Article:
Borderlands/La Frontera is a semi-autobiographical work of prose and poetry, approaching subjects such as race, gender, class, and identity.
Literary scholar AnaLouise Keating conceptualizes Anzaldúa’s writings in Borderlands as a form of “poet-shaman aesthetics,” which argues that Anzaldua’s words are intended to have material implications. In particular, Keating draws from interviews in which Anzaldúa describes herself as a “shaman,” serving as an intermediary for individuals to connect them with their cultural background. Keating contends this role manifests in Anzaldúa’s poetry, with its frequent usages of metaphors and imagery as a means to articulate the experiences of oppressed populations and guide them toward emotional healing.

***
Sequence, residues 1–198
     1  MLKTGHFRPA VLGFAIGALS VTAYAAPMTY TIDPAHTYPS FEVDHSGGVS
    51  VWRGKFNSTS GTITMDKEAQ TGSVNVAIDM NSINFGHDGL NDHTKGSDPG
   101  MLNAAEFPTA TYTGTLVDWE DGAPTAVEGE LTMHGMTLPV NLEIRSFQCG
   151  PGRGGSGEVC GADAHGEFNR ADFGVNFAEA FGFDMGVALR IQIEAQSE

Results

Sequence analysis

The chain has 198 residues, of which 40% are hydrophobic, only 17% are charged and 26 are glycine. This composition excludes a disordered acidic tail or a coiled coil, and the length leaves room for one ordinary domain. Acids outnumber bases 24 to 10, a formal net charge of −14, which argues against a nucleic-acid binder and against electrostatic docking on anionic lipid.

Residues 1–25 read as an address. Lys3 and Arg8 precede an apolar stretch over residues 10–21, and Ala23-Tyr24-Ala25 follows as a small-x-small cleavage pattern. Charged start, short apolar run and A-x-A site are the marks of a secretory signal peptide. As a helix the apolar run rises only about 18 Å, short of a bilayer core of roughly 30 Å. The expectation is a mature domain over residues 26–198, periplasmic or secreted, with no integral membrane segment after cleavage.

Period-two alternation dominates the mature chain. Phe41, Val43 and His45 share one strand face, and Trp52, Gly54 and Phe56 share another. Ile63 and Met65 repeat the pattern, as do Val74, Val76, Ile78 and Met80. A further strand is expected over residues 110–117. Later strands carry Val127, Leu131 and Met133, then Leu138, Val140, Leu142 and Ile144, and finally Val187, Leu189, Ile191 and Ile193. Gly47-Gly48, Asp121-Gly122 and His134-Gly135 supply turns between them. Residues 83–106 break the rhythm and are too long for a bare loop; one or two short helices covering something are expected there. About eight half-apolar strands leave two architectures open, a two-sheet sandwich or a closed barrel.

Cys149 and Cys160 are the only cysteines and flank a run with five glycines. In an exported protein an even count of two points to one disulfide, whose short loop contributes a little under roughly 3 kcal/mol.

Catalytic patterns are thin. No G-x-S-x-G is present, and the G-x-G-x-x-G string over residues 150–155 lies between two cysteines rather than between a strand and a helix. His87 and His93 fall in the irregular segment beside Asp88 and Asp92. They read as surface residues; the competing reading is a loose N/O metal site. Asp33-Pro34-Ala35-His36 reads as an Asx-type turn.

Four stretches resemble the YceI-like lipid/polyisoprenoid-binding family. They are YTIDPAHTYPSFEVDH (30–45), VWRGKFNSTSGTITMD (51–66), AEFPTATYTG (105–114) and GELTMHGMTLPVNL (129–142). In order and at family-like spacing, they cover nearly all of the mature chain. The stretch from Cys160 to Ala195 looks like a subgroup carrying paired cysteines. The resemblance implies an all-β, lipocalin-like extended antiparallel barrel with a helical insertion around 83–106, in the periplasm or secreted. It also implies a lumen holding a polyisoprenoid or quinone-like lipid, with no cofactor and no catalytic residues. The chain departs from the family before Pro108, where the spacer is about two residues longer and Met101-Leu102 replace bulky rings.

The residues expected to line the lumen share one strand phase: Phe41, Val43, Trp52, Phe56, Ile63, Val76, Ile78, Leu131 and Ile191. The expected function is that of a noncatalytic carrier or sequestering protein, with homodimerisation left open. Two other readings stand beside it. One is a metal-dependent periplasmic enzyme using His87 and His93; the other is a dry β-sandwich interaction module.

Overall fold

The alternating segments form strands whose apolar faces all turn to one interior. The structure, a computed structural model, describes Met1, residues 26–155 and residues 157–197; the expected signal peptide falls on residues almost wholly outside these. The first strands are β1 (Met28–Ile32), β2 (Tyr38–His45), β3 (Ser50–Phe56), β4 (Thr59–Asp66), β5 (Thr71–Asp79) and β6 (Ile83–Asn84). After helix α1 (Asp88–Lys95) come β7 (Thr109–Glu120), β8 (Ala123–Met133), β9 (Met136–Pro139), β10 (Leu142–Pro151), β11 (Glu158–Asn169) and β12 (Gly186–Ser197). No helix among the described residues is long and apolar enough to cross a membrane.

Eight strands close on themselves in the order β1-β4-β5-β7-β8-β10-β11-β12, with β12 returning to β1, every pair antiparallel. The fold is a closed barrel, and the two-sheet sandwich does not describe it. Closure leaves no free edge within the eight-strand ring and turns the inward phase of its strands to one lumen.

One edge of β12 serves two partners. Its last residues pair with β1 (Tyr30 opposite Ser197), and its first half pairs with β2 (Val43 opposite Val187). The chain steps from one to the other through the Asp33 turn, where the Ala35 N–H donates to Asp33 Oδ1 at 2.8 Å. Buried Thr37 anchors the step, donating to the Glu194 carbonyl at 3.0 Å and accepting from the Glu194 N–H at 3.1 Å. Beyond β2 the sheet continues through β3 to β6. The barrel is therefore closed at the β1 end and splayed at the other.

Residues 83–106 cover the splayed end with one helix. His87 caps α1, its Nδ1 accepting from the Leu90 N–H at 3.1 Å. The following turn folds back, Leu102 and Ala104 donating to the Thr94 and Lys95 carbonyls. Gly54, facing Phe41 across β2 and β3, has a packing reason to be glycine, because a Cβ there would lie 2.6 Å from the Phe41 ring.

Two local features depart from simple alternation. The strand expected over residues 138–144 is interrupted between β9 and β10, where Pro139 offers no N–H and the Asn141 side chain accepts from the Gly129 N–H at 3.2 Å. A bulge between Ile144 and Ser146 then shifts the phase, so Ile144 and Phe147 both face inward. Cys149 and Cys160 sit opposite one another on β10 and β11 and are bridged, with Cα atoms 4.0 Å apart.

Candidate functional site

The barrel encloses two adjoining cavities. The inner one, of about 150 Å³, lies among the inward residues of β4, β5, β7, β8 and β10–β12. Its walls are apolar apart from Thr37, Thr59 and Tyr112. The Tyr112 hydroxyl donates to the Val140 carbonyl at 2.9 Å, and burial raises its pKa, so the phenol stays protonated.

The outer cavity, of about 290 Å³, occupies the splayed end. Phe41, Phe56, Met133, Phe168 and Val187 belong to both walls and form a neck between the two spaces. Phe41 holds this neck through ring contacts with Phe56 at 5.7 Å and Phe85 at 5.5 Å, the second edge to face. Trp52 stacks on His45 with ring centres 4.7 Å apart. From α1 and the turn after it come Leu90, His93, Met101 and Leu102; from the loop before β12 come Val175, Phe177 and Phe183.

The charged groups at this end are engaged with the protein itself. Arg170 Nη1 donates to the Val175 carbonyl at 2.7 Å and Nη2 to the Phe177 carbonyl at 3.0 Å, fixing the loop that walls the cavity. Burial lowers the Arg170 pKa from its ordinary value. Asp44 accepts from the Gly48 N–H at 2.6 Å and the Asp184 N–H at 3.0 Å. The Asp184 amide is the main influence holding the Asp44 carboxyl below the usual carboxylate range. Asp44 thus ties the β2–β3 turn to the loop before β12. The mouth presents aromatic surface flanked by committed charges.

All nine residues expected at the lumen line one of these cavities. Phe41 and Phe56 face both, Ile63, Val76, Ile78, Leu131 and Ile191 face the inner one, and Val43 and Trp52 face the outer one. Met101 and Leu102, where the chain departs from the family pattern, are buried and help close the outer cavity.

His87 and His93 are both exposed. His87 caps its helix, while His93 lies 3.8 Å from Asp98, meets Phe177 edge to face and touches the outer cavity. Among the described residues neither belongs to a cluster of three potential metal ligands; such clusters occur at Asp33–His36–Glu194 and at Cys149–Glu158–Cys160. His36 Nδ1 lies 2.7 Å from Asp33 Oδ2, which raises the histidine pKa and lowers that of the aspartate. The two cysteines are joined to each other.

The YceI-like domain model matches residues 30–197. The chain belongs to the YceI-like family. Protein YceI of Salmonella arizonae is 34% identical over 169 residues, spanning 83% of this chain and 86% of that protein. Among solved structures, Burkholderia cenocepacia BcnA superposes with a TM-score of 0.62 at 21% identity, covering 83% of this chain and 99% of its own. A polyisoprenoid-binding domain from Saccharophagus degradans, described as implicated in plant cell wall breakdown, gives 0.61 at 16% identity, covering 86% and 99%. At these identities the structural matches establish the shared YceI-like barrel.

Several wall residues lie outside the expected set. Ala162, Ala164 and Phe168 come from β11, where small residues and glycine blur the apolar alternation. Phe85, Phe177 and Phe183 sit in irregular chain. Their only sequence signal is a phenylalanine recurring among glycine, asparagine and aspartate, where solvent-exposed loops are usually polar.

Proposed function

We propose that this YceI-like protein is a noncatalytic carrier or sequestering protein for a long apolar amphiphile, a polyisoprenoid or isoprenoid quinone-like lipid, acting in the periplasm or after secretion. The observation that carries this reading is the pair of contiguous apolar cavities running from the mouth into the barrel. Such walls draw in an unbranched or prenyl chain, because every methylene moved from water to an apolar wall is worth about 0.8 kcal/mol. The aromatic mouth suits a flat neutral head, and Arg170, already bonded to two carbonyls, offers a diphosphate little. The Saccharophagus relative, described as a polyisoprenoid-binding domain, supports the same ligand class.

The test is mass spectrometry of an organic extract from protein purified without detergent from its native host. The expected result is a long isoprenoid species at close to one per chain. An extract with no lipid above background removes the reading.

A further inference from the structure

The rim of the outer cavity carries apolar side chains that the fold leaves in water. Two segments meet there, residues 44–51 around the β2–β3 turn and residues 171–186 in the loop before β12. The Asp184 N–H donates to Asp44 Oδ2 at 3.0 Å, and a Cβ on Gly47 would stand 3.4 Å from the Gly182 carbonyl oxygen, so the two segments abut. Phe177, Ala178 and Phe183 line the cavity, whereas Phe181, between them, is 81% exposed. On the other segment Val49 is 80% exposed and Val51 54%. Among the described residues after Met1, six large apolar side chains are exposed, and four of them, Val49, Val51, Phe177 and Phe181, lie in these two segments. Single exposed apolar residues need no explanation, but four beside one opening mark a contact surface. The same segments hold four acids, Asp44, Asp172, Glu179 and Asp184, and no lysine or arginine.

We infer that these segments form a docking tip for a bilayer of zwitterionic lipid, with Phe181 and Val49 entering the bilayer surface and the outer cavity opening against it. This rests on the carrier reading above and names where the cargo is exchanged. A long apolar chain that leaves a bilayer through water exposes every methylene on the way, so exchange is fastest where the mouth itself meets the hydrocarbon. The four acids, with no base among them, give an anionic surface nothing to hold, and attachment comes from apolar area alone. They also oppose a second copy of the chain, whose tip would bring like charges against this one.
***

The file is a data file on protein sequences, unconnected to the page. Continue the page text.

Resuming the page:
Another stylistic choice deployed by Anzaldúa in Borderlands is known as “code-switching,” that is, her interchanging usage of Chicano Spanish and English. According to scholar Melissa Castillo-Garsow, Anzaldúa utilizes this style to challenge conventional Western writings, while simultaneously maintaining Borderland’s academic legitimacy by limiting the usage of Spanish and Chicano vernacular in the book.